A cake recipe is asking for "one cup" oil!!
I don't want to eat so much "oil", can I replace it with yoghurt or something else?
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Short answer - not really. Fat is an essential component in any cake, and milk just isn't very fatty - about 5% for whole milk. You can make cakes with milk, but they require totally different recipes: you can't simply substitute milk for oil.
Bear in mind that you're distributing the cup of oil throughout a whole cake, so that any one slice will only have a fraction of the oil. I assume you'll also be sharing the cake with others, so you'll be 'spreading the calories' somewhat.
You should be using a neutral oil like canola (rapeseed) oil anyway, as it has a relatively mild flavour. A popular alternative these days is to substitute all but a couple of tablespoons of the oil with apple sauce (really), but this can be hit and miss and doesn't work with all recipes - it usually works best with things like quick breads (scones etc).
Of course, there's also the point that cakes are supposed to be a treat, and they'd be less of a treat without the fat, in which case why bother? If you want to be healthy, make a salad. If you want a treat, make a cake and don't worry about the contents too much.
It's a popular suggestion to replace oil (yes, a whole cup of it is common in cakes and quickbreads) with applesauce. I've done so and liked the results. I've also used nonfat but sweetened yogurt (a caramel flavour to be specific) with great results in a cake made with zucchini and raisins, and now do that every time I make that cake.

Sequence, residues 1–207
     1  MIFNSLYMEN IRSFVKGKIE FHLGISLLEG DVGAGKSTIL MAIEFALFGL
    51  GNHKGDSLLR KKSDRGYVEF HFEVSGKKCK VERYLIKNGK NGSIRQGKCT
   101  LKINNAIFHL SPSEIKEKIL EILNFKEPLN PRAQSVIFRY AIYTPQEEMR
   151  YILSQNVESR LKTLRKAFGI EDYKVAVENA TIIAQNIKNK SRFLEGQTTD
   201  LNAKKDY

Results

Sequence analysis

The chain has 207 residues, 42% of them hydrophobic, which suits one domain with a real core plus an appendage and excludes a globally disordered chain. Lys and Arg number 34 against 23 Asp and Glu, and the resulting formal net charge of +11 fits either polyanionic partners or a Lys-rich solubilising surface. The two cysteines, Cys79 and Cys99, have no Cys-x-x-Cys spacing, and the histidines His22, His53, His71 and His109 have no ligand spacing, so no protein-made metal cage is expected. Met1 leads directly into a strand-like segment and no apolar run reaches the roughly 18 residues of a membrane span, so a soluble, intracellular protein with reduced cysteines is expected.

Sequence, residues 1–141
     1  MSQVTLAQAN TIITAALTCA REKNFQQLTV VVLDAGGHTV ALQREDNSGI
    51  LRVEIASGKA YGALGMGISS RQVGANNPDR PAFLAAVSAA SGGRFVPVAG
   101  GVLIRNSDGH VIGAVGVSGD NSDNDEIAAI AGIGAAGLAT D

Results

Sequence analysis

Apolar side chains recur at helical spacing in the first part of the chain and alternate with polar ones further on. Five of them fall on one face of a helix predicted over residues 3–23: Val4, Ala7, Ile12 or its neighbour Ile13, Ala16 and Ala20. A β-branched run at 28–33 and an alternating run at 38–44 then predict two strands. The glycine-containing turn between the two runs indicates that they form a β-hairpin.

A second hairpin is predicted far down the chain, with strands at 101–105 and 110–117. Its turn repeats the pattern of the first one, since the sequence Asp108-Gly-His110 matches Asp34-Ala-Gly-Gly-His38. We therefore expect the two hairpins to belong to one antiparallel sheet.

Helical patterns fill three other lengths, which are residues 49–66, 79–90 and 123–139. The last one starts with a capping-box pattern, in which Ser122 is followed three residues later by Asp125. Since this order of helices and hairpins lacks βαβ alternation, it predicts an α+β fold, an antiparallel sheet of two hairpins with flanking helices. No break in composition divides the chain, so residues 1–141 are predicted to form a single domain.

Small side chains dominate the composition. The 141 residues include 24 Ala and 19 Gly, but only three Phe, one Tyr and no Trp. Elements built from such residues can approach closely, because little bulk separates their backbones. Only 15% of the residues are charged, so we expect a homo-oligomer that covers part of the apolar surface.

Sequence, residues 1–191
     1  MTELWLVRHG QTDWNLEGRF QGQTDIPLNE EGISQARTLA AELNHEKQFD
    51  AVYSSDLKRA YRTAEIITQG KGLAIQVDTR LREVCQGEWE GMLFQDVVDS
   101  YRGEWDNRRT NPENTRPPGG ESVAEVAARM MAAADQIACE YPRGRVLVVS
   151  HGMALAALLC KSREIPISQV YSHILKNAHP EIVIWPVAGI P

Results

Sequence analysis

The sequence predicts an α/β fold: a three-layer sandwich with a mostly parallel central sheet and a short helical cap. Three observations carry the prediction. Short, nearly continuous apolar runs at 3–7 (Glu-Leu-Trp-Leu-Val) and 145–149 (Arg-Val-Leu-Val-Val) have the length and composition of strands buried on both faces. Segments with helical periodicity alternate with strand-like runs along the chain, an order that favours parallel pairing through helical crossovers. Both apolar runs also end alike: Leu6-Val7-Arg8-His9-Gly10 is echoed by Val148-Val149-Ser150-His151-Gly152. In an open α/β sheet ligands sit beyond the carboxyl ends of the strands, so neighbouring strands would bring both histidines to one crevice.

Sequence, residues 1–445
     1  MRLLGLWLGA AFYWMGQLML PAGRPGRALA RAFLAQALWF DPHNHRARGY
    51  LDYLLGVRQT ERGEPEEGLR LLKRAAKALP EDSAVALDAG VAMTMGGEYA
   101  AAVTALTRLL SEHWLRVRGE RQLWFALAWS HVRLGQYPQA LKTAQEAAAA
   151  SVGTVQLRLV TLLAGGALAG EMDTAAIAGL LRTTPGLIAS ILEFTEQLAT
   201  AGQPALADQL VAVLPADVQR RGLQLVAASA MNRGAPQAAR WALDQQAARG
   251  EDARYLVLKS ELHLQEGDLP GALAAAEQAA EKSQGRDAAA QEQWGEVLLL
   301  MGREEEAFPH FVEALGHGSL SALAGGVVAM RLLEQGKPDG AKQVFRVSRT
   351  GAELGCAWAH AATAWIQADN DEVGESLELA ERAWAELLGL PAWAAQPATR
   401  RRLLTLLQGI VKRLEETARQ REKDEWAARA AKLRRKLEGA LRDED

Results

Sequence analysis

I think you'll run into trouble with milk. Part of the purpose of the oil is to keep the flour from finding other flour and getting breadlike. So you have to experiment a little, and the successful experiments always seem to be something sweet - not all the way to honey or corn syrup, but at least slightly sweet.
A great substitute for oil is an equivalent amount of apple sauce. It makes it more moist and healthier. I've heard that for people with juicers, the pulp can be used, but I'm not sure how much.
Most people do not know that bean puree can be substituted for ALL THE FAT! If you are new to this, you may want to experiment by only replacing 1/2 the fat with bean puree. Keep in mind that you never want to choose a bean that is darker in color than the cake you are making. For instance, if you are making a white cake; use white beans. If you are making a spice cake; use pinto beans. If you are making a chocolate cake; use black beans. Never use black beans for a white cake. To make the bean puree: you can either cook beans yourself as directed on the bag or use a can of beans, then dump the beans and some water in a blender or food processor and puree. You don't want it runny but add enough water until it looks pureed. If the recipe calls for 1 cup oil or butter, you can use 1 cup of bean puree OR use half oil/butter and 1/2 bean puree. Not only will this lighten the fat but it will also "health-i-fy" your recipe by upping the amount of protein and fiber AND save you money (have you seen the price of butter lately--whew!). I do this ALL THE TIME with my family and they still love the sweet treats.